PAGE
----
There are also differences by household income in the problems teens say exist in their communities. Teens in lower-income households are more likely to say teen pregnancy is a major problem among people their age in the area where they live: 55% of teens in households with incomes below $30,000 say this, versus 38% of those in the middle-income group and an even smaller share (22%) of those in households with incomes of $75,000 or more. Compared with teens in the higher-income group, those in households with incomes below $30,000 are also more likely to cite bullying, drug addiction, poverty and gangs as major problems.
The survey suggests that, in some ways, the attitudes and experiences of teens may vary along racial and ethnic lines. However, because of small sample sizes and a reduction in precision due to weighting, estimates are not presented by racial or ethnic groups.
Teens in lower-income households also have different assessments of the amount of time they spend with their parents. Four-in-ten teens in households with incomes below $30,000 say they spend too little time with their parents, compared with about one-in-five teens in households with higher incomes.
Some 65% of teens who say they plan to attend a four-year college after high school say they worry at least some about being able to afford college. Similarly, 70% express at least some concern about getting into the college of their choice.
Perhaps not surprisingly, concerns about affording college are more prevalent among teens in lower-income households. Among teens who say they plan to attend a four-year college, about three-quarters (76%) in households with incomes below $75,00o say they worry at least some about being able to afford it, compared with 55% of those in households with incomes or $75,000 or more.
Looking ahead, virtually all teens say they aspire to having a job or career they enjoy: 63% say this would be extremely important to them, personally, as adults, and another 32% say it would be very important. Most teens also say helping other people who are in need would be extremely (42%) or very (39%) important to them when they grow up.
However, teens in households with incomes below $30,000 are less likely than those in households with higher incomes to prioritize marriage and children. Some 56% of teens in households with incomes of $75,000 or more and 46% in households with incomes between $30,000 and $74,999 say getting married would be extremely or very important to them when they grow up, compared with 31% of those in the lower-income group. And while about four-in-ten in the higher- and middle-income groups (43% each) say having children would be extremely or very important to them, 27% of those in the lower-income group say the same.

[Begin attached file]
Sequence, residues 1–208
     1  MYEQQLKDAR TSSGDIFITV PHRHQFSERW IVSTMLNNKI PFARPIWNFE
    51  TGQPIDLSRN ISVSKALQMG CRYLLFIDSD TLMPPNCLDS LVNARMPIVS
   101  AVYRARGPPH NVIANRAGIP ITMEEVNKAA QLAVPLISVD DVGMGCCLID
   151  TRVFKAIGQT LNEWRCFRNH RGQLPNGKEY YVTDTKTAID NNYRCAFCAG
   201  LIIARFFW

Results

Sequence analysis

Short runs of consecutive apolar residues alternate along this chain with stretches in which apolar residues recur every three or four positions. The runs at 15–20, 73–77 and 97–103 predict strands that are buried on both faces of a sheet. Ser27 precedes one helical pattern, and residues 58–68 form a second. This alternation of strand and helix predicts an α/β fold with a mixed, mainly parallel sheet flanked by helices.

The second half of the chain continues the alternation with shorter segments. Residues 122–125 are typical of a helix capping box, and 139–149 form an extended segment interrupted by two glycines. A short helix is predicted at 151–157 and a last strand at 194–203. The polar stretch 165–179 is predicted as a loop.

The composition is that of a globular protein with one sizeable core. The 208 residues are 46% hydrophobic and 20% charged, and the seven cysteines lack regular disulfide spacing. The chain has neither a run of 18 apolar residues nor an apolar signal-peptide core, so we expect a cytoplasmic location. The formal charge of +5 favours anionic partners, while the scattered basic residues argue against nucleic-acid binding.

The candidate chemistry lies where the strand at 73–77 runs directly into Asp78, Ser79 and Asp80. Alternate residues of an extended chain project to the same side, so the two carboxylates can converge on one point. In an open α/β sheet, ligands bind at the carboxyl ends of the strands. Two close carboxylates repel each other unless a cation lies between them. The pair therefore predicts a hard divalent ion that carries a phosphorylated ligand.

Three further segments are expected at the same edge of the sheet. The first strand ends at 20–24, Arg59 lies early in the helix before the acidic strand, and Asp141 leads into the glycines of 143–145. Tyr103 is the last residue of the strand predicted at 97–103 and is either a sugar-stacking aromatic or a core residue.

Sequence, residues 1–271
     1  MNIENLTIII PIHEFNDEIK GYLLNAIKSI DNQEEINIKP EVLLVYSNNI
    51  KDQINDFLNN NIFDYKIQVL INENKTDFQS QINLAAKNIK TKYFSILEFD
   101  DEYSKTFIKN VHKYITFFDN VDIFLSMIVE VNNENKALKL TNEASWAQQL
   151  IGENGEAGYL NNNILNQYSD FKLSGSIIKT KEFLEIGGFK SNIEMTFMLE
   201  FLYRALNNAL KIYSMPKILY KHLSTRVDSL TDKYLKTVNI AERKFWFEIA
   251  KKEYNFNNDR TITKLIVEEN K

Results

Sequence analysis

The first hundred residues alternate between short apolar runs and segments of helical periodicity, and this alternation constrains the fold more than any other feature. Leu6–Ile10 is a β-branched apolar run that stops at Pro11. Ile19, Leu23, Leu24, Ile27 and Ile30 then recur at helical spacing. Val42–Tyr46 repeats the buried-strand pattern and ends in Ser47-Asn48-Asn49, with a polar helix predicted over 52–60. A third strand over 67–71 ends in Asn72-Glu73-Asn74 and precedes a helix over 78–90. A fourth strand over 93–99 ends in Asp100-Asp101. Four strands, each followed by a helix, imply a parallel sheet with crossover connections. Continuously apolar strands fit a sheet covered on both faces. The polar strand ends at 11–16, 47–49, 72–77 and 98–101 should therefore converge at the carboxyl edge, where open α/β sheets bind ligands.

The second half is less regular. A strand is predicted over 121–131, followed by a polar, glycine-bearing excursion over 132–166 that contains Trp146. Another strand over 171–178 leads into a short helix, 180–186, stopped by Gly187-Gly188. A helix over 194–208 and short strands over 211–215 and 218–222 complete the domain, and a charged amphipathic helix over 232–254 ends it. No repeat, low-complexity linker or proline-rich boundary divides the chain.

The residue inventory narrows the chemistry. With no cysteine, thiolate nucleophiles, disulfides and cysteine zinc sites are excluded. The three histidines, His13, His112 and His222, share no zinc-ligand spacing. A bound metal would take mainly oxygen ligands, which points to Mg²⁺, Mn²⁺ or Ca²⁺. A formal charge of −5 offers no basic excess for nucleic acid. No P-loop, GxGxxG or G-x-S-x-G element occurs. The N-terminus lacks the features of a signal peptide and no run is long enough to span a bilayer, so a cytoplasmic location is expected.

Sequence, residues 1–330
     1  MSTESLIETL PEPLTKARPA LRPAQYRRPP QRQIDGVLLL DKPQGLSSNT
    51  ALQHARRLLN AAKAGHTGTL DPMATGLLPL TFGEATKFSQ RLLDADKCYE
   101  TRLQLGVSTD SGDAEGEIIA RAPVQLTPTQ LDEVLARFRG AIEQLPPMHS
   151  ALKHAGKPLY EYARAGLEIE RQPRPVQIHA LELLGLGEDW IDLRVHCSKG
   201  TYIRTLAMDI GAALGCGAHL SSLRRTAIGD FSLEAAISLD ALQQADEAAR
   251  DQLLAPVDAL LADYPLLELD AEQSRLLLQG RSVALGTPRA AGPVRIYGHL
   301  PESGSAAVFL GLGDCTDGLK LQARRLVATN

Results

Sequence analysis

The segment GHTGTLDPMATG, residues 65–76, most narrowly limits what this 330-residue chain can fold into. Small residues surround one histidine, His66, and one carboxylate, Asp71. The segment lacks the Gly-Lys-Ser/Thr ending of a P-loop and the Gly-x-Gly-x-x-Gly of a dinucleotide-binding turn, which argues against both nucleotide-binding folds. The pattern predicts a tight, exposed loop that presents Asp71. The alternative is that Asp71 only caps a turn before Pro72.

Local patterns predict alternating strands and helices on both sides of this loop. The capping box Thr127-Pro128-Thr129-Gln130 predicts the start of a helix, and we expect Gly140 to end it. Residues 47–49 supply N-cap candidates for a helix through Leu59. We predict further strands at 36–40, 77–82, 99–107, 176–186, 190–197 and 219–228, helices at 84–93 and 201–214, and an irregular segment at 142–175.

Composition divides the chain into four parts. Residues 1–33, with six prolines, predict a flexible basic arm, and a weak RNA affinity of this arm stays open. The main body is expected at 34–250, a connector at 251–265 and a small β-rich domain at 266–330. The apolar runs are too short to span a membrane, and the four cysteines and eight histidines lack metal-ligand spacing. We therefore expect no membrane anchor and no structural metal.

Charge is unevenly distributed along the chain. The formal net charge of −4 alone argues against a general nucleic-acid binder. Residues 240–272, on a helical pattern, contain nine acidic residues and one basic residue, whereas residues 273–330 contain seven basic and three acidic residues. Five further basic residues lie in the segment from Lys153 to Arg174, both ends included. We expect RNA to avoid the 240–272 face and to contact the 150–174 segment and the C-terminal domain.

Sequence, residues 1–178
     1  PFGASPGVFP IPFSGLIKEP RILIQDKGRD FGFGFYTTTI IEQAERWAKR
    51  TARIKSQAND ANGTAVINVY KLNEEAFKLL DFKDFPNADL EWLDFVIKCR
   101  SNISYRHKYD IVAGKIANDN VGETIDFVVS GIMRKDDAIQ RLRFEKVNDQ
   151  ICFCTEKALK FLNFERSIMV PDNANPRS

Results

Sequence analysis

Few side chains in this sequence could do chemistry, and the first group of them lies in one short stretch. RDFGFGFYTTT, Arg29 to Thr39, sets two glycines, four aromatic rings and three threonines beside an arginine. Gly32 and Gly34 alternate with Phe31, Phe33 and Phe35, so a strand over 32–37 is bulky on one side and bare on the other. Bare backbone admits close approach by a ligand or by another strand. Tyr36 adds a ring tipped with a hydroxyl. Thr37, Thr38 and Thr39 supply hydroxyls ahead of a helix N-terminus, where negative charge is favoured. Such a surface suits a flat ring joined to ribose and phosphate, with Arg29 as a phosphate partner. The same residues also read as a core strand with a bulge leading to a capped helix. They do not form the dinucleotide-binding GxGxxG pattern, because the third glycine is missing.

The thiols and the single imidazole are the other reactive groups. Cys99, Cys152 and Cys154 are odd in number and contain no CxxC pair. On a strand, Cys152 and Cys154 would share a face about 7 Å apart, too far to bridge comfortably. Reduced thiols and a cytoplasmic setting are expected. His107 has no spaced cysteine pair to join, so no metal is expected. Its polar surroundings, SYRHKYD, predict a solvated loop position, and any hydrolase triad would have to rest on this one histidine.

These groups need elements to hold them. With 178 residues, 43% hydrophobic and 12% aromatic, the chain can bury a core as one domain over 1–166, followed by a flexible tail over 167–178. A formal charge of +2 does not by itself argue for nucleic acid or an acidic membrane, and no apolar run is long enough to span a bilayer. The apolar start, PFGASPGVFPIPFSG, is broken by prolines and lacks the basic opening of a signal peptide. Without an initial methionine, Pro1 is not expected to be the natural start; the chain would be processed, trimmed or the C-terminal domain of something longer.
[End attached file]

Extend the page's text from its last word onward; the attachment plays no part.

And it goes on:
Boys and girls, as well as teens across income groups, generally feel similar levels of pressure in each of these realms, but there are some exceptions. Girls are more likely than boys to say they feel a lot of pressure to look good (35% vs. 23%). And teens in the lower- and middle-income groups are more likely than those in higher-income households to say they feel at least some pressure to help their family financially (42% and 38%, respectively, vs. 28%).
When asked how often they have certain experiences or feelings, four-in-ten teens say they feel bored every day or almost every day, while about three-in-ten say they feel tense or nervous about their day (29%) or wish they had more good friends (29%) with the same frequency. Roughly a quarter of teens say they get excited by something they study in school (26%), come across people who try to put them down (24%) or worry about their family having enough money for basic expenses (23%) every or almost every day.
Smaller shares say they regularly feel targeted by law enforcement (7%) or get in trouble at school (6%). In fact, 54% of teens say they never feel targeted by law enforcement, and 40% say they never get in trouble at school.
Concerns about their family having enough money for basic expenses differ greatly by income: 36% of teens in the lower-income group and 29% of those in the middle-income group say they worry about this daily or almost daily, whereas 13% of teens in higher-income households say the same.
Teens from lower-income households are the most likely to say they spend too little time with their parents: Four-in-ten teens in households with annual incomes below $30,000 say this, compared with roughly one-in-five in households with higher incomes. These same income differences are not evident among parents, however. Similar shares of parents across income levels say they spend too little time with their teenage children.
When asked about interactions with their parents, about six-in-ten teens (59%) say they get a hug or kiss from their parents every day or almost every day. Roughly three-in-ten (31%) say they get help or advice from their parents with homework or school projects on a daily or almost daily basis, and 19% say they regularly get into arguments with their parents.
For example, pre-teens and teenagers might feel anxious about starting secondary school, looking a particular way, fitting in with friends, starting their first job, performing in school plays or going to school formals. Also, as their independence increases, they might feel anxious about responsibilities, money and employment. 59ce067264